Our national identity is not, and has never been, predicated on being of a certain race or ethnicity. This is not to say racial or ethnic concerns have not affected America’s development. Certainly, English political traditions and social customs influenced our Founding.
Without a doubt, race has long divided Americans. Citizenship was once denied based on the color of one’s skin; in reality, however, attempts to make whiteness or European descent requirements for American-ness (not mere citizenship) have been contrived, born out of parochial prejudice and not a defined historical tradition of racialized nationality. America, in fact, is exceptional in this regard. I can become a citizen of Germany, but I will be no more German three decades from now. People from across the globe, however, can become Americans by embracing our ideals; for it is the ideals, rights, liberties, and republican system of government found in our Founding texts which define us as Americans. It is the fact we are a nation predicated on the notion our rights come from God, that we are created equal and stand equal before God, that no human power can take this away from us. This idea of nationhood, while justifying a sometimes irresponsible sense of moral superiority, has served as a beacon of hope and opportunity to countless immigrants.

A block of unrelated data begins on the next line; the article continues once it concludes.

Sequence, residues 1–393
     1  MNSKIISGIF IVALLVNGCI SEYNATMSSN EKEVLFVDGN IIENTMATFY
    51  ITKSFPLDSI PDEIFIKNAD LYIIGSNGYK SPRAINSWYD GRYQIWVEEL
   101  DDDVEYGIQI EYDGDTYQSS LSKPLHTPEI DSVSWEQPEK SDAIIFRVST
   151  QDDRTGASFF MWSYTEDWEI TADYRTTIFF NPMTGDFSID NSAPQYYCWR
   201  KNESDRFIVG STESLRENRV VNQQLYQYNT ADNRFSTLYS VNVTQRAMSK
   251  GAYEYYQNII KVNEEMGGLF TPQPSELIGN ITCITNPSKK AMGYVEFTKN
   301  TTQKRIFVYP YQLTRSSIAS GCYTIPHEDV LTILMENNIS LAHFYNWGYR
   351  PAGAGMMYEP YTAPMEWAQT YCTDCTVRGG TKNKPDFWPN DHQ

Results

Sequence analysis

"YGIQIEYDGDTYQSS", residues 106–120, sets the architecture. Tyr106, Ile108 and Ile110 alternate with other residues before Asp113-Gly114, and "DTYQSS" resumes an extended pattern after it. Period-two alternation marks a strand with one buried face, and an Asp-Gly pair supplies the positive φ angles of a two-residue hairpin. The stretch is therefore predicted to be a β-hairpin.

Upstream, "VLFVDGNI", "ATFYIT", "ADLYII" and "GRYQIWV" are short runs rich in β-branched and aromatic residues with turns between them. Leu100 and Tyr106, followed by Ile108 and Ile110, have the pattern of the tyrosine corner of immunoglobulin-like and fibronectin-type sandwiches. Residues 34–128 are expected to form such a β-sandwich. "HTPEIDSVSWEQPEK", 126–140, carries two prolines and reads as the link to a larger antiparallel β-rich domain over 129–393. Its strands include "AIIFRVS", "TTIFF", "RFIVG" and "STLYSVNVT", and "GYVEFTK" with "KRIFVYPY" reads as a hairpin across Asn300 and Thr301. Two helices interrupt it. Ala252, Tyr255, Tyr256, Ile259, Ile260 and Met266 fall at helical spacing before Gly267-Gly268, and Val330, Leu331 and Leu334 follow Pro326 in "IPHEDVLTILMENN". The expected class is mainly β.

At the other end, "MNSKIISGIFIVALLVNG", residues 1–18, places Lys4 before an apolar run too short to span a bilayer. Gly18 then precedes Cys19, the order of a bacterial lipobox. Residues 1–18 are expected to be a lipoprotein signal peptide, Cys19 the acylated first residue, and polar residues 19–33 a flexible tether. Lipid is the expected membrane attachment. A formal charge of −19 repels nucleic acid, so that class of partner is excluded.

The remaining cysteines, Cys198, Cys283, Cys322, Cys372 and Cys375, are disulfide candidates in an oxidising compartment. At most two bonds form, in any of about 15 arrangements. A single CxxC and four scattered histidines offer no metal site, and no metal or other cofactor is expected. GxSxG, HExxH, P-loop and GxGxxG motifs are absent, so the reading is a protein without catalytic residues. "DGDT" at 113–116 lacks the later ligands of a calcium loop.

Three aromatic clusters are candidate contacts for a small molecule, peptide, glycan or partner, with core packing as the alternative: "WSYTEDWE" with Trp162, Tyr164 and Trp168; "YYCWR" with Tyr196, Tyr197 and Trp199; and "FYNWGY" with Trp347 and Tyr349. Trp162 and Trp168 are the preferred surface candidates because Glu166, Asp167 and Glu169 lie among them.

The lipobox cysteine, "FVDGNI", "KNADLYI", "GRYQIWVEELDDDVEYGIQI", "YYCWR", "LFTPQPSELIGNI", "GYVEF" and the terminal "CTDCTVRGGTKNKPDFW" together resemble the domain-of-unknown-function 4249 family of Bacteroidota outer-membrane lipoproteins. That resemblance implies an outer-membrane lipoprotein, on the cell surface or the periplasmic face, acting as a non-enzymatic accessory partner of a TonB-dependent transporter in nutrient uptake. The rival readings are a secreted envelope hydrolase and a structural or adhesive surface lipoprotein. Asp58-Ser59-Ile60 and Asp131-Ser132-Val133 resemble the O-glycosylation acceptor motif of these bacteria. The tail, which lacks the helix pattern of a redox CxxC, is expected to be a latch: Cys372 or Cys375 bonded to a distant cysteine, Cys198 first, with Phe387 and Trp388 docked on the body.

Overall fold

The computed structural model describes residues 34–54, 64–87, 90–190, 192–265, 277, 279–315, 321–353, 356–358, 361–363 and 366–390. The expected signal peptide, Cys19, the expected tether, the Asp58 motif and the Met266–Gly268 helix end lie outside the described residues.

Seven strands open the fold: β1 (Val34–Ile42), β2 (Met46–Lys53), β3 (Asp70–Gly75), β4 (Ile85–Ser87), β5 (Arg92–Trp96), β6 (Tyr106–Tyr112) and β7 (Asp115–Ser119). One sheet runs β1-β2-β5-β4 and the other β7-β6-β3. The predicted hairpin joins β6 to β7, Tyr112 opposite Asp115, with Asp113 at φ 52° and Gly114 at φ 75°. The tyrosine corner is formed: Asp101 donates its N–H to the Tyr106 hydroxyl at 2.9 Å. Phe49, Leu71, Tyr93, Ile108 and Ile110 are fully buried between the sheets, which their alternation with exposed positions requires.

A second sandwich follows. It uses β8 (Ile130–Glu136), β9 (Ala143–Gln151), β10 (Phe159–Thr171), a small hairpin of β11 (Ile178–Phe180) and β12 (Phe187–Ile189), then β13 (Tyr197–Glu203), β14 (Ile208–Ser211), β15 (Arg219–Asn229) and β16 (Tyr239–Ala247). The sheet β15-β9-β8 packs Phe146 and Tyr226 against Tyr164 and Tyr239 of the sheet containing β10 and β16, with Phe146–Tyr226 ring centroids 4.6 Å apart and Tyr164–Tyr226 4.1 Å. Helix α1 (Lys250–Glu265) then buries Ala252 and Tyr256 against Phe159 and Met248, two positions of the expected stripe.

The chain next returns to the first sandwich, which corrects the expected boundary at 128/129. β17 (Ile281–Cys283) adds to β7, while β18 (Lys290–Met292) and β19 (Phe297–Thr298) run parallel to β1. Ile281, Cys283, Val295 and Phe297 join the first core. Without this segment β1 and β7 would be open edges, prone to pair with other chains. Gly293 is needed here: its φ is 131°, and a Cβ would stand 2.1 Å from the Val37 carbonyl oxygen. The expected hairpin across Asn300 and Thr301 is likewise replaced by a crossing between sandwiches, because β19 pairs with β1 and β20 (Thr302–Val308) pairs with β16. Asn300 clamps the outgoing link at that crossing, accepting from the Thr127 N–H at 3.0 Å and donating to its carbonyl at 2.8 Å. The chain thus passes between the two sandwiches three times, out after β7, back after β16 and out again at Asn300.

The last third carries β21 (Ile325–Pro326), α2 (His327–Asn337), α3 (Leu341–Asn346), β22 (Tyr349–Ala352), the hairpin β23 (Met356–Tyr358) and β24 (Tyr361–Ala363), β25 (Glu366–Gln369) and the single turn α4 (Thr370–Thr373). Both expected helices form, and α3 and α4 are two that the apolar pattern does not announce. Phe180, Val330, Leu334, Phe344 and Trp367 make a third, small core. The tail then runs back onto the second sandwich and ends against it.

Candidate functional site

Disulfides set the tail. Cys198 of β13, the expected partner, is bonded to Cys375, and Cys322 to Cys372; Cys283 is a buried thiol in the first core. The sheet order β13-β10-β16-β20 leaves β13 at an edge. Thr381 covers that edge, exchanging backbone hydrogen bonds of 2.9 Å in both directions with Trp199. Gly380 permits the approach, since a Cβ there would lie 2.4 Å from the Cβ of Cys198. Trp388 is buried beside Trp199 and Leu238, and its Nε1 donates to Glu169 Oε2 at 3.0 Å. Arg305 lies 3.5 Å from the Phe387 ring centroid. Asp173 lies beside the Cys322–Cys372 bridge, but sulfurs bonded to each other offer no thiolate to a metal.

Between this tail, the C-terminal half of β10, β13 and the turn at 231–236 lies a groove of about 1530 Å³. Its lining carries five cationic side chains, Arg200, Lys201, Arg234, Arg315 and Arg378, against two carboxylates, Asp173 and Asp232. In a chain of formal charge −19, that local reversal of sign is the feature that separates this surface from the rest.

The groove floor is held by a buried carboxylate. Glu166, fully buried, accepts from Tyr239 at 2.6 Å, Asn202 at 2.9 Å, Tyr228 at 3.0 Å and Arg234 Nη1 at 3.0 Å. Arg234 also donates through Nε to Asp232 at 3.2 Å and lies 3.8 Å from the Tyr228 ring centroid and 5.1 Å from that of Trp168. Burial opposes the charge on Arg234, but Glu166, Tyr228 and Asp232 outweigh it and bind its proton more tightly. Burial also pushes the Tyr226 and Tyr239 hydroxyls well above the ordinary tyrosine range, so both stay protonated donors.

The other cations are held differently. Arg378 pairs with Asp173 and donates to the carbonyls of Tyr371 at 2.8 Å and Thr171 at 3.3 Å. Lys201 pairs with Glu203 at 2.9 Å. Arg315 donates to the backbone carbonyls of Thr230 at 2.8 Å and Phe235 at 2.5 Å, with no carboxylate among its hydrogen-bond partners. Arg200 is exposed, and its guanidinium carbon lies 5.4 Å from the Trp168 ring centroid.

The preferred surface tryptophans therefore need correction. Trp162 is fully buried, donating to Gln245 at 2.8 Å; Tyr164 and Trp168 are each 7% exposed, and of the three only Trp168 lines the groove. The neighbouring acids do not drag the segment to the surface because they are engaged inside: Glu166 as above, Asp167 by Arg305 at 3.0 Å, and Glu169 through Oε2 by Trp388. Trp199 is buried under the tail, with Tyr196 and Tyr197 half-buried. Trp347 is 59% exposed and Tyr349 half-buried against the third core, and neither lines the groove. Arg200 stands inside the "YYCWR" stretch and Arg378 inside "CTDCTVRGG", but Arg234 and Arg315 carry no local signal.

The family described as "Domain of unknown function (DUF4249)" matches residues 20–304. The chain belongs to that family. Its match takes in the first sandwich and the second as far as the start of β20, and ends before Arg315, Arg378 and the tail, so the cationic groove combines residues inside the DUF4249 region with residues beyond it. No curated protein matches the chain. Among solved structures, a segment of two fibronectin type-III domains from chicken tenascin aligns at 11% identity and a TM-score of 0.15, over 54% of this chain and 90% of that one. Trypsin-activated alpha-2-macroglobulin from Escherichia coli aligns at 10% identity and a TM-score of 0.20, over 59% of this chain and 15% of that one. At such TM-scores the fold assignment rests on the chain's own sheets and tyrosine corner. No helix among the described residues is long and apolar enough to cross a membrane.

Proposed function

There have been many times in our history when we have lost sight of our ideals. Slavery was the great, unsustainable contradiction, the dark blot that stained (and stains) us morally and prevented us from being a truly united nation. It was resolved only after a bloody war. Throughout the 19th and early 20th centuries, nativists and anti-immigrant parties sprung up to defend their racially and religiously-grounded ideas of American-ness. In the mid-20th century, America once again had to reconcile its ideals with flagrant racial injustice. Living up to our ideals has been a struggle, and the siren calls of racially or ethnically based nationalism, the standard in much of the world, have been loud.
Today, tribal politics (aka extreme identity politics) is threatening to divide us once again, threatening our national unity by appealing to our baser racial and ethnocentric instincts.